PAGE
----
The kit priced at an affordable Rs 150 as compared to imported kits which cost around double. It is expected to reduce the testing cost, increase the rate of testing and reduce India’s dependence on other countries.
NITI Aayog member and President of Institute body of Sree Chitra Tirunal Institute for Medical Sciences and Technology (SCTIMST) Dr V K Saraswat announced yesterday (21 May) the commercial launch of Agappe Chitra Magna.
It is a magnetic nanoparticle-based RNA extraction kit used during the testing for the detection of novel coronavirus COVID-19.
SCTIMST developed it along with Agappe Diagnostics Ltd, an in vitro diagnostics manufacturing company based in Cochin, Kerala.
The RNA extraction kit was developed under the leadership of senior scientist, Dr Anoop Kumar Thekkuveettil, was transferred to Agappe Diagnostics in April 2020, and will now be available in the market.
The first sale of the product has been conducted by Thomas John, Managing Director of the Agappe Diagnostics to officials from Amrita Institute of Medical Sciences, Kochi.
How do we test for coronavirus?
There are two kinds of tests. A viral test directly checks for the presence of the virus and tells you if you have a current infection. On the other hand, an antibody test tells you if you had a previous infection.
Since it can take one to three weeks after the infection for the body to make antibodies, the antibody test can fail to detect a current infection.
RT-LAMP, RT-qPCR, RT-PCR and other isothermal and PCR based protocols for the detection of Covid-19 are all examples of viral testing.
The tests can be done on respiratory samples obtained by various methods, including a nasal secretions collected from the back of the nose and throat or sputum sample or saliva.
The sample is then subjected to different chemicals that amplify a piece of the virus's genome — a marker of the virus’s presence.
The isothermal nucleic acid amplification method typically detect the amplified virus sequences using fluorescent tags.
An antigen test amplifies the antigen — the part of a pathogen to which the human body gives an immune response. These tests look for certain proteins on the surface of the virus.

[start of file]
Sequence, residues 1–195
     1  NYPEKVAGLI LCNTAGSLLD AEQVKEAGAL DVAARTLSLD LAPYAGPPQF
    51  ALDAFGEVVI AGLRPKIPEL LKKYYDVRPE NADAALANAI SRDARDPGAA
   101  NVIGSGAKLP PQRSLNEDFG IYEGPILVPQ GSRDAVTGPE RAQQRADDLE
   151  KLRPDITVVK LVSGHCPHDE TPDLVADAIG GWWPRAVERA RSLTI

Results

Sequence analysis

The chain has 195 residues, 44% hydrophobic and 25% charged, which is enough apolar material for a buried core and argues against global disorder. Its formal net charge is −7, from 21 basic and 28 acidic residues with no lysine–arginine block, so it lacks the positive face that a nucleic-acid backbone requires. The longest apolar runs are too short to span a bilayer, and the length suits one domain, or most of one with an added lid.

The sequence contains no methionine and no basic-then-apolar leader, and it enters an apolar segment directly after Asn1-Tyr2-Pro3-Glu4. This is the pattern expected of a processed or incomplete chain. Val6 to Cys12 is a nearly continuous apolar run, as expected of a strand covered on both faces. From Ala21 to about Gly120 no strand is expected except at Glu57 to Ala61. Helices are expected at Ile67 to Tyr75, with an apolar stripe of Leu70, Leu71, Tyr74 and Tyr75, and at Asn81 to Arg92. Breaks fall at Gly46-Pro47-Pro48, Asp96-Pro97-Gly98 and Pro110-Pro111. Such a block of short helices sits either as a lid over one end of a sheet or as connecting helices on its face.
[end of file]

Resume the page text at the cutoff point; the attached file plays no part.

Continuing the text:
The PCR amplifies a small well-defined segment of DNA. Since the virus only has RNA and not DNA, the sample is subjected to processes that convert the virus’s RNA to DNA.
What is the use of Agappe Chitra Magna?
Agappe Chitra Magna is not the test itself, it is RNA-extraction technology that makes the whole process of testing faster and more accurate.
A virus’s RNA is unique. Just like a person can be identified from his DNA, the Covid-19 can be identified by its RNA. Any test to detect the presence of the virus needs sufficient concentration of its RNA.
Here is where the Agappe Chitra Magna RNA extraction kit comes.
It uses the innovative technology of conjugating the RNA with magnetic nanoparticles. Then, by applying a magnetic field, the concentration of RNA can be increased at one place. The process gives a highly purified and concentrated RNA, increasing the accuracy of the test.
It also allows for the high sensitivity of RT-LAMP test from SCTIMST.
RT-LAMP, RT-qPCR, RT-PCR and other isothermal and PCR based protocols — basically, any test that needs RNA extraction for Covid-19 test will benefit from the Agappe Chitra Magna.
The kit priced at an affordable Rs 150. It is expected to reduce the testing cost, increase the rate of testing and reduce India’s dependence on imported kits which cost around double the Agappe Chitra Magna.
“It can also be an example of rapid commercialization and implementation of a state of the art technology for the world to emulate,” said Dr Saraswat at the launch.
It is estimated that India would require about 8 lakh RNA extraction kits each month for the next six months.